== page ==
The incidence of this disease has nearly tripled in the last 70 years. Notable among the species of birds most heavily affected were House Sparrows, Great Tits, and Blackcaps. Prior to 1990, when global temperatures were cooler than now, less than 10 percent of House Sparrows (Passer domesticus) were infected with malaria. In recent years, however, this figure has increased to nearly 30 percent. Likewise, since 1995, the percent of malaria-infected Great Tits has risen from 3 percent to 15 percent. In 1999, some 4 percent of Blackcaps — a species once unaffected by avian malaria —were infected. For Tawny Owls in the UK, the incidence had risen from two or three percent to 60%.[2]

Control

The main way to control avian malaria is to control mosquito populations. Hunting and removing pigs helps, because wallows from feral pigs and hollowed out logs of the native hapu'u ferns provide dirty standing water where the mosquito breeds (USDI and USGS 2005). Around houses, reducing the number of potential water catchment containers helps reduce the mosquito breeding sites (SPREP Undated). However, in Hawaii attempts to control the mosquitoes by larval habitat reduction and larvicide use have not eliminated the threat.

It may also be possible to find birds that are resistant to malaria, collect eggs and raise young birds for re-introduction into areas where birds are not resistant, giving the species a head-start on spreading resistance. There is evidence for evolution of resistance to avian malaria in two endemic species, Oahu Amakihi and Hawaii Amakihi. If other species can be preserved for long enough, they may evolve resistance as well. One tactic would be to reforest high-elevation areas on the island of Hawai'i, for example above the refuge of Hakalau on land managed by the Department of Hawaiian Homelands. This could give birds more time to adapt before climate change or mosquito evolution bring avian malaria to the last remaining bird populations.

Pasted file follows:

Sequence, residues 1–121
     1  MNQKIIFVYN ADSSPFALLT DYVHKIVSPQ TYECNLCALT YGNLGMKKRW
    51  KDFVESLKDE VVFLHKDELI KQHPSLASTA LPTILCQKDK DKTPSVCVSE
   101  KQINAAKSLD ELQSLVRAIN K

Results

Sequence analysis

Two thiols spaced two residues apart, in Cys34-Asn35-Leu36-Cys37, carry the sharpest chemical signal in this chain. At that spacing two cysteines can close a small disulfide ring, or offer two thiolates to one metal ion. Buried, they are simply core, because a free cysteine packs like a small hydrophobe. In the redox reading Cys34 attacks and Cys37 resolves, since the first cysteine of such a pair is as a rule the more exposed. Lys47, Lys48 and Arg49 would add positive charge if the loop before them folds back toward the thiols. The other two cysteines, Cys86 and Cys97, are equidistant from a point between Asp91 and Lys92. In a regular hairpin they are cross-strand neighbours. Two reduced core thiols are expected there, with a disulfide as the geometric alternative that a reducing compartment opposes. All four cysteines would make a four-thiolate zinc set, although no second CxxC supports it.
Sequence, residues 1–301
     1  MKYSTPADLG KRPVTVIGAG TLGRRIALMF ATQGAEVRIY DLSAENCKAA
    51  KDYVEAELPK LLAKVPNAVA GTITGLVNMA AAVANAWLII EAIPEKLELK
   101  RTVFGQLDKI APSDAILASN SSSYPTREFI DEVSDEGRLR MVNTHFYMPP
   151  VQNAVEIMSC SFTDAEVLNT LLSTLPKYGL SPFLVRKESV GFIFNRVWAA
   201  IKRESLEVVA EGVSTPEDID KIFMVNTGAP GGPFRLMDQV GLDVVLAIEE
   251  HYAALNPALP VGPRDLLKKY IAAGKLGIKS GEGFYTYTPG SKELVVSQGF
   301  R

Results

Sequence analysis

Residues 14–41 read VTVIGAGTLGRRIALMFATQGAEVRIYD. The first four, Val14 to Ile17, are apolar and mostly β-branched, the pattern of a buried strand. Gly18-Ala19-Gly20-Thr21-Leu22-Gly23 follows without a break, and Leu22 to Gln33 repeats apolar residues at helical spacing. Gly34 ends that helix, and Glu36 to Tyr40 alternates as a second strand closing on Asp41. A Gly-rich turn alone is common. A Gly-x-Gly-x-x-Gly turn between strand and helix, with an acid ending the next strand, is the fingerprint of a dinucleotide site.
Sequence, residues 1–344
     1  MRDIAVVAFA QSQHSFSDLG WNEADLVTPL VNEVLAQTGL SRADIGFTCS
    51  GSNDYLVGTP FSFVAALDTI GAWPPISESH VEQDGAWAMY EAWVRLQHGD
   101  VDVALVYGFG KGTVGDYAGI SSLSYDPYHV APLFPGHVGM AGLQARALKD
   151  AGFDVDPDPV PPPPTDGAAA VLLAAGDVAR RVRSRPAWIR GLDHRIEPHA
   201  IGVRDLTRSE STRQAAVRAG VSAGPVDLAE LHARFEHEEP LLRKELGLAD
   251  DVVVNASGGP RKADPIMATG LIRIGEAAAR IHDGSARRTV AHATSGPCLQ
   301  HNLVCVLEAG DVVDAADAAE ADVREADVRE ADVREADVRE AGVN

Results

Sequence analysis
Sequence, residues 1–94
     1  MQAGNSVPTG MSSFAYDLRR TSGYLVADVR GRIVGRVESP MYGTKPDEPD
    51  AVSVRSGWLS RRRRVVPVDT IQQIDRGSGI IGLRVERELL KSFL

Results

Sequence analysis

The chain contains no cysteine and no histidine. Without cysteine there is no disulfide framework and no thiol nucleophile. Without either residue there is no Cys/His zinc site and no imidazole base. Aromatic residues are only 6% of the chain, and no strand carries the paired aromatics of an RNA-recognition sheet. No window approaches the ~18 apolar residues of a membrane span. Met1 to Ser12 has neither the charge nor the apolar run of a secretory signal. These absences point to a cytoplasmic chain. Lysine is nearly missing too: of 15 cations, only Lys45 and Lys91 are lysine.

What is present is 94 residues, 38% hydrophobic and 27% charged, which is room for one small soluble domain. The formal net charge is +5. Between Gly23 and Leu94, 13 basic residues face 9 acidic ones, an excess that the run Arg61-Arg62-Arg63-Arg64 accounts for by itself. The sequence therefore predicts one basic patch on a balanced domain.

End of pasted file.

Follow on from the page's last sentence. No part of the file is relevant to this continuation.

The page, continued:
References

  1. ^ Clark, Nicholas; Clegg, S.; Lima, M. (2014). "A review of global diversity in avian haemosporidians (Plasmodium and Haemoproteus: Haemosporida): new insights from molecular data.". International Journal for Parasitology 44 (5): 329–338.  
  2. ^ GaramszegI, László Z (2011). "Climate change increases the risk of malaria in birds". Global Change Biology 17 (5): 1751–1759.  

External links

  • http://www.issg.org/database/species/ecology.asp?si=39&fr=1&sts=
This article was sourced from Creative Commons Attribution-ShareAlike License; additional terms may apply. World Heritage Encyclopedia content is assembled from numerous content providers, Open Access Publishing, and in compliance with The Fair Access to Science and Technology Research Act (FASTR), Wikimedia Foundation, Inc., Public Library of Science, The Encyclopedia of Life, Open Book Publishers (OBP), PubMed, U.S. National Library of Medicine, National Center for Biotechnology Information, U.S. National Library of Medicine, National Institutes of Health (NIH), U.S. Department of Health & Human Services, and USA.gov, which sources content from all federal, state, local, tribal, and territorial government publication portals (.gov, .mil, .edu). Funding for USA.gov and content contributors is made possible from the U.S. Congress, E-Government Act of 2002.
 
Crowd sourced content that is contributed to World Heritage Encyclopedia is peer reviewed and edited by our editorial staff to ensure quality scholarly research articles.
 
By using this site, you agree to the Terms of Use and Privacy Policy. World Heritage Encyclopedia™ is a registered trademark of the World Public Library Association, a non-profit organization.
 


Copyright © World Library Foundation. All rights reserved. eBooks from Project Gutenberg are sponsored by the World Library Foundation,
a 501c(4) Member's Support Non-Profit Organization, and is NOT affiliated with any governmental agency or department.